Fat Tainted Memories

Fat Tainted Memories
By Kristy Draper

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Kristy at an Austin, TX restaurant enjoying the lake and a huge Christmas light display.

Some of my best memories are the hardest to relive. One of the joys of the digital age is that memories are easily accessible with one swipe. My husband, Steve, and I store many of our photos through cloud storage services, such as Google Photos, and are prompted each day with photo memories of the same day throughout the years (dating back to roughly 2010).

I am reminded of vacations, trips to see family, funny antics of our companion animals over the years, significant life changes, our wedding day, and all of the anniversaries that have followed. These are some of the best days, and memories, of my life. But I cringe each time I look at these photos. I see a selfie we took on a Cape Cod beach on our first anniversary, but all I can think of is how fat I look and how round my face is in the photo.

It is funny; I became a vegan because I wanted to live a more compassionate life, and not contribute to cruelty. In spite of that, I am a tyrant to myself where no compassion is shown. I can work up a cruel inner speech before some people can even respond “yes” or “no” to a question. I am sure I am not alone in that ability. I know it is not one of my best traits, and it has caused harm.

Recently, Steve showed me a photo that he took of me at a restaurant we used to frequent. He said that he loved that photo me and remembered how happy he was that day. I only responded with, “I hate that picture of me. Please do not share it with anyone.” He was so upset and looked as though I deflated him. He explained to me, that even though I may not like the photo of myself, I am stealing his good memories, and mentally hurting him and myself in the process. I felt like such a monster and a selfish one at that.

These aren’t just my memories. They are his memories. My family’s memories. My friend’s memories. I never thought about them, or their feelings toward the photos and recollection of the past. I only thought about making sure no one saw these photos of me. I can’t change the past, what I looked like, how I felt about myself, or how anyone else felt about me.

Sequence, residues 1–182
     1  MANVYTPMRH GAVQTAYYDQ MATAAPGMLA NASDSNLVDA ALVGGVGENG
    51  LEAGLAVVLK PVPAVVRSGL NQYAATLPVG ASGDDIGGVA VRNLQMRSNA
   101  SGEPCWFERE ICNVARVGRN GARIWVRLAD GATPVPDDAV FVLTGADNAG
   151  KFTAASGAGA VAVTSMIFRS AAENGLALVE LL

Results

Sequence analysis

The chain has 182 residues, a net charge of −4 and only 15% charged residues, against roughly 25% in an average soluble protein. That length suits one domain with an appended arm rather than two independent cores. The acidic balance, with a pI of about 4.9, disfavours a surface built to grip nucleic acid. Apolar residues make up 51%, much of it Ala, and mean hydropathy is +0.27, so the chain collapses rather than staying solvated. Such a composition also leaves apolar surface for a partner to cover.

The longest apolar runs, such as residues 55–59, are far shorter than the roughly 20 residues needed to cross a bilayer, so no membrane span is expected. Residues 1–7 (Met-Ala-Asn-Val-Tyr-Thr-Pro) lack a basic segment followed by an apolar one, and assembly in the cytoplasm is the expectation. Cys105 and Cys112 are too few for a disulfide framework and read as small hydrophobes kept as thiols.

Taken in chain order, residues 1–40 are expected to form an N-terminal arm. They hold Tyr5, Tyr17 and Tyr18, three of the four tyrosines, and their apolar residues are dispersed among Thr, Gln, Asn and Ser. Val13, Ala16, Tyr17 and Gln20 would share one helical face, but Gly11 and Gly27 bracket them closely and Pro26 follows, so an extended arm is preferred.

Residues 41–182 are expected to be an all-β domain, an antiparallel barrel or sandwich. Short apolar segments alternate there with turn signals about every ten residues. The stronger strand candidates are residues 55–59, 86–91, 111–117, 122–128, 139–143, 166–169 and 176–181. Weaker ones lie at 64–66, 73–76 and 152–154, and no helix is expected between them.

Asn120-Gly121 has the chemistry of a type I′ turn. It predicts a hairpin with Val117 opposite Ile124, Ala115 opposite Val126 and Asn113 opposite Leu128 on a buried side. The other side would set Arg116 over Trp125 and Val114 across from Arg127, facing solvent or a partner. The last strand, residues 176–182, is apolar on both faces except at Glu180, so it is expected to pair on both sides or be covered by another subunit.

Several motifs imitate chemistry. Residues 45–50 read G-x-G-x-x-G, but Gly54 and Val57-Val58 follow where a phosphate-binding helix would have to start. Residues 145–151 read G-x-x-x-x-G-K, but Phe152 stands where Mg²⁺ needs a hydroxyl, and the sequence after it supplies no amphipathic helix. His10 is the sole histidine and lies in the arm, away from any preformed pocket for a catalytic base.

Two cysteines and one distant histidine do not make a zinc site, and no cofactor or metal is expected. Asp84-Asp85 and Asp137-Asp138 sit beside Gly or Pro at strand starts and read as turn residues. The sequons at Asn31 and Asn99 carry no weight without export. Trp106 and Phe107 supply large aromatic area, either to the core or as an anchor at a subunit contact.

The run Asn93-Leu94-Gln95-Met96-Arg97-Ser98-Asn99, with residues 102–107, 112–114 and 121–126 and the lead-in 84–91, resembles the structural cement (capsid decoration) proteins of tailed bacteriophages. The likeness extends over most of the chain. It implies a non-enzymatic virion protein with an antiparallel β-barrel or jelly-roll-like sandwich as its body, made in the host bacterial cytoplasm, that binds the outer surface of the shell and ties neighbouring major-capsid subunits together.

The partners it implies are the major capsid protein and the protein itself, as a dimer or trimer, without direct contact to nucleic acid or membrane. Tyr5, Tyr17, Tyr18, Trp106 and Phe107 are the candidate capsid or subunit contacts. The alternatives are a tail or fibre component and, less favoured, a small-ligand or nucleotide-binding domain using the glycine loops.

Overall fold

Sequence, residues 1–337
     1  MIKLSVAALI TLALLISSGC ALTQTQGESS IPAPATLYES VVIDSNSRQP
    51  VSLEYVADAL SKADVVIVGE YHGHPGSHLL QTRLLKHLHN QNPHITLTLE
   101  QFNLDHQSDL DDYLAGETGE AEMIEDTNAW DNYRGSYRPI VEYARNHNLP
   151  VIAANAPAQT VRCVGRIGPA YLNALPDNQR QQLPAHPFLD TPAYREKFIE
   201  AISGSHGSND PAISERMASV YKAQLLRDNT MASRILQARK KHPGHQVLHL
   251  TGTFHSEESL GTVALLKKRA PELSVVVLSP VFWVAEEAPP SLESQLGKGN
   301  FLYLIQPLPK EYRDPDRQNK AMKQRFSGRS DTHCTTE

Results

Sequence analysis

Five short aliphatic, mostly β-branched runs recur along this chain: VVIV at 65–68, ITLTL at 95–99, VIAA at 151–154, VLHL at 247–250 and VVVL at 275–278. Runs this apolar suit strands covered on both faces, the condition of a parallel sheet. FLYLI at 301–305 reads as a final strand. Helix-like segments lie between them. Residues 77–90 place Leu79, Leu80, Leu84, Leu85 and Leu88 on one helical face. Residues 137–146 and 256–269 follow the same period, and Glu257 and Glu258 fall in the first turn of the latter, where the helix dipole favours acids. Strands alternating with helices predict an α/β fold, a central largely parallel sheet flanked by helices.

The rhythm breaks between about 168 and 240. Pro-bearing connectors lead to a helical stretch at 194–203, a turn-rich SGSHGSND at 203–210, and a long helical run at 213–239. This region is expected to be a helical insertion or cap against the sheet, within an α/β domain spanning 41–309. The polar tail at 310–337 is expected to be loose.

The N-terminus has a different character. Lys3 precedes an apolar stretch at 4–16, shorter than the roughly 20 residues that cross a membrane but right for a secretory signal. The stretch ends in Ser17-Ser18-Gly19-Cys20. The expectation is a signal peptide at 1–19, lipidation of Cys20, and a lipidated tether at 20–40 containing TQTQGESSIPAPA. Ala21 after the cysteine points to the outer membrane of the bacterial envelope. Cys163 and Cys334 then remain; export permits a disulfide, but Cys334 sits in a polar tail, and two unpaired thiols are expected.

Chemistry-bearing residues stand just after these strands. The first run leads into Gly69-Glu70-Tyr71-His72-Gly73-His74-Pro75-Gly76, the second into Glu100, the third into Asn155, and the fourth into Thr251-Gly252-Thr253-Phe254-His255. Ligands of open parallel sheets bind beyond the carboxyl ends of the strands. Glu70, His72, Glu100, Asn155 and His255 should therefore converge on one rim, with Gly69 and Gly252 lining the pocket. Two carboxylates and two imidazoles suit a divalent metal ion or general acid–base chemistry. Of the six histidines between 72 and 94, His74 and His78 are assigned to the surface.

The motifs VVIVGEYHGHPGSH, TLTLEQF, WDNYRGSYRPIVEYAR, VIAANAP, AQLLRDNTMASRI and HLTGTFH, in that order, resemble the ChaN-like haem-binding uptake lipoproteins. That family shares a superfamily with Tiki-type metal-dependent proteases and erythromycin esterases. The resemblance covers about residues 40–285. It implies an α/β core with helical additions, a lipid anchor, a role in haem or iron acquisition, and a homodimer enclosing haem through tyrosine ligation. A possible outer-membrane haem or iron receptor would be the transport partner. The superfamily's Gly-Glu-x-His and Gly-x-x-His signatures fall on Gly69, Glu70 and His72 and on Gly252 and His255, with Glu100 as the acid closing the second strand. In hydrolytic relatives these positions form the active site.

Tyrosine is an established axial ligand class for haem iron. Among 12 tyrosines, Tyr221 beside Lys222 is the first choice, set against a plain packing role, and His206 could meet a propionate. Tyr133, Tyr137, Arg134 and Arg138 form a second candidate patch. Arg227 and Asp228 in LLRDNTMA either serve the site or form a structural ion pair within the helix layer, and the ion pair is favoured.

Over the past few years, I have learned more about body and fat acceptance, body and fat positivity, body diversity, and fat liberation. For the most part, I am happy with who I am and accepting of my size body. I am learning that I am not just a size, but a body. But also not just a body, but a person that has much to offer no matter what size. So much happened during these memories that pop up each day. In each photo, I am a different person – a different size in each one, have a different mindset in each one, and usually located in a different state in each one(we have moved around a lot!).

I am now trying to see each memory in a new light. When these daily reminders pop up, I am trying to pause and take in the whole picture, not just my belly size or face size or arm size, but trying to step back into that moment and relive each experience. I remember that day at the restaurant when Steve took my photo. I was happy. It was a beautiful day that we spent exploring and being in the moment with each other. Why I would ever want to taint or tarnish that memory is beyond my comprehension. I know some days I will still only see a fat person in the photo, and I recognize the need to continually unlearn that mentality. I am now more mindful of being compassionate towards myself and others who share these memories. So here is to making and cherishing more memories, but also learning to relive and re-love old memories.

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